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St. Katherine's monastery

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monastery walls

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at the monastery
  Sheri Holman: An Author's Pilgrimage

I've come on a public bus that has bounced past the black husks of tanks from the Six Day War, and sped by mud shacks fitted with television antennae that have steadily replaced Bedouin tents. Thirty three centuries ago the children of Israel spent forty years wandering this wilderness; I have only two miles to walk from where the bus drops me off, but still, by the time I reach the monastery I am dripping with sweat and groaning under my backpack. I've come half way around the world, from Brooklyn, New York to Saint Katherine's monastery at the foot of Mount Sinai, to follow a medieval monk's book of pilgrimage. His obsession with the saint whose bones lie in state here, has become my obsession.

In the entire world, there is no Christian monastery in continuous use older than the fortress before me. The church was erected by Empress Helena in 330 A.D. to house Moses' Burning Bush; the fortifying sandstone walls came two hundred years later during the reign of Justinian and Theodora. Two hundred years after that, a young girl's skeleton was discovered atop Mount Sinai and declared to be the body of an archaic martyr, St. Katherine of Alexandria, translated by angels to this holy place. The monks brought her down, and over time, St. Katherine's name has eclipsed the monastery's earlier one -- the Church of the Transfiguration. The Burning Bush remains, though; the only shrub of its species, according to the monks, in the entire desert.

The fortress is the same dry yellow stone as the mountain behind it, set off by a deep green olive garden and a line of cypress trees. It is penetrable by a single iron door, and I knock on it, looking up at the medieval lift that used to hoist pilgrims and provisions up in a palm basket. I am let into the complex, a maze of dormitories, chapels, even an Islamic minaret, built to appease the Turkish Sultan when he had dominion over this land; and shown to a covered well, where I drink and splash my face, learning later that this is venerated as the well at which Moses watered Jethro's sheep. It is 2:00 on a sweltering July afternoon. There are no tourists, I see no sign of the handful of monks who still worship here. To my dismay, while the outside doors are open, the massive wooden inner doors to the church are locked. I've come all this way only to find the church closed.

With no one in sight, I set down my bag and walk the length of the long icon gallery outside. Because of its isolation, St. Katherine's Monastery escaped the iconoclasts, and preserved some of the rarest and oldest painted icons on earth. I am drawn to a rare Christ Pancrator, executed in the encaustic (wax painting) technique. Dating from the sixth century, it depicts a gentle, wall-eyed Christ holding a jeweled book. The monastery, I knew had once possessed one of the oldest and most complete bible manuscripts, the Codex Sinaiticus, but had loaned it to a German scholar in 1845, who sold it to the Russian Czar. Rather than returning it, after World War II, the Russians sold it to the British Museum for 100,000 pounds. I am staring at Christ Pancrator, marveling at his book, when a woman, dressed in a faded black nun's habit, approaches and speaks to me in a language I don't understand.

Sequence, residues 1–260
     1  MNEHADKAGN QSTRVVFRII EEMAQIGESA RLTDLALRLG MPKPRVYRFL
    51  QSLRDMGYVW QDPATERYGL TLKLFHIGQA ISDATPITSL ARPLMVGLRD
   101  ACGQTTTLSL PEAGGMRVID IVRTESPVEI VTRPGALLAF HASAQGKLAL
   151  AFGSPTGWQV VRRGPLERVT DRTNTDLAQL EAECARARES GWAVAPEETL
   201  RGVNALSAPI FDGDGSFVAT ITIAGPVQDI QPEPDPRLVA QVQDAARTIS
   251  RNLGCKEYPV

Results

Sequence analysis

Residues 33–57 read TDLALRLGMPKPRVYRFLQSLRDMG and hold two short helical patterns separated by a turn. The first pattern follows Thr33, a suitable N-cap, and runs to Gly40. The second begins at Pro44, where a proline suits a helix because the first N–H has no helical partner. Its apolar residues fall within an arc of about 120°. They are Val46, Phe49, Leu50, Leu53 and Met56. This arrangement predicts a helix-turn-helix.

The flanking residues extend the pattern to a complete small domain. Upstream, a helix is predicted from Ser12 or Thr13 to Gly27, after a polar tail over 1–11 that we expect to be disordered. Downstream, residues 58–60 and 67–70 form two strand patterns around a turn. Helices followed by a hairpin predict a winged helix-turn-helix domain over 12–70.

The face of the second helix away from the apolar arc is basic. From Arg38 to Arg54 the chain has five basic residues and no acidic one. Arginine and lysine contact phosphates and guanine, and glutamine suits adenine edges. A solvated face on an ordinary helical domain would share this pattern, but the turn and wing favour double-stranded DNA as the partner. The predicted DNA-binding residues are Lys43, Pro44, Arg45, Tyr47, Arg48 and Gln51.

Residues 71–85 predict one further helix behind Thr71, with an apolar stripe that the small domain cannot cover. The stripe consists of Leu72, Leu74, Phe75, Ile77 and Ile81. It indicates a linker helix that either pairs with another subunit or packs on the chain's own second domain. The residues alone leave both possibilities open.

"Oh, excuse me," she says in lightly accented English, when she sees my confusion. "I thought you were the Polish icon painter we were expecting."

Apologizing for not being the icon painter, I tell her I am a writer, researching a book on Friar Felix Fabri, a German monk whose devotion to Saint Katherine lured him across the desert to this place. I learn she is Sister Maria Magdelena, an orthodox nun who until a few weeks ago, had lived the last twenty years of her life in a cave outside of Jerusalem. Her visa expired, the government would not renew it, and she has come to Sinai to petition the Archbishop for a room here -- not inside the monastery walls, she wouldn't dare presume, but in a little run down shack that is just past the garden. She has prayed to God to send her a like-minded woman, a soul friend, to share her life in the desert, but so far, He has not seen fit to do it. She has been rejected from Israel, and she may be rejected here, but most of God's saints were rejected, she says, and there is holiness in that state.

"I am not surprised your friar came here. So many people seek out the wilderness," she says. "I know a very old story about a couple who took a vow of asceticism, but due to forces beyond their control were separated. The husband stayed in this monastery for some time, but feeling spiritually unfulfilled, asked his Elder if he might go into the desert and lead an even more ascetic life. He went and found an old ascetic living in a cave. In this hermit, thought the man, I have found my spiritual teacher; and he studied with that old man for seventeen years, gaining much knowledge. One day, the old hermit became very ill, and the husband rushed back to his former Elder for help. When they returned to the cave, the old hermit was dead. But pinned to his cloak was a note: I am your wife."

I listen to the sister's story, and I don't know if it is the exhaustion or the disappointment of finding the church closed, or her simple affecting way of talking, but I find myself in tears. She, too, is crying, and she laughs. "Look at us, two grown women crying over a story!" Wait here, she tells me, she will find someone to help me.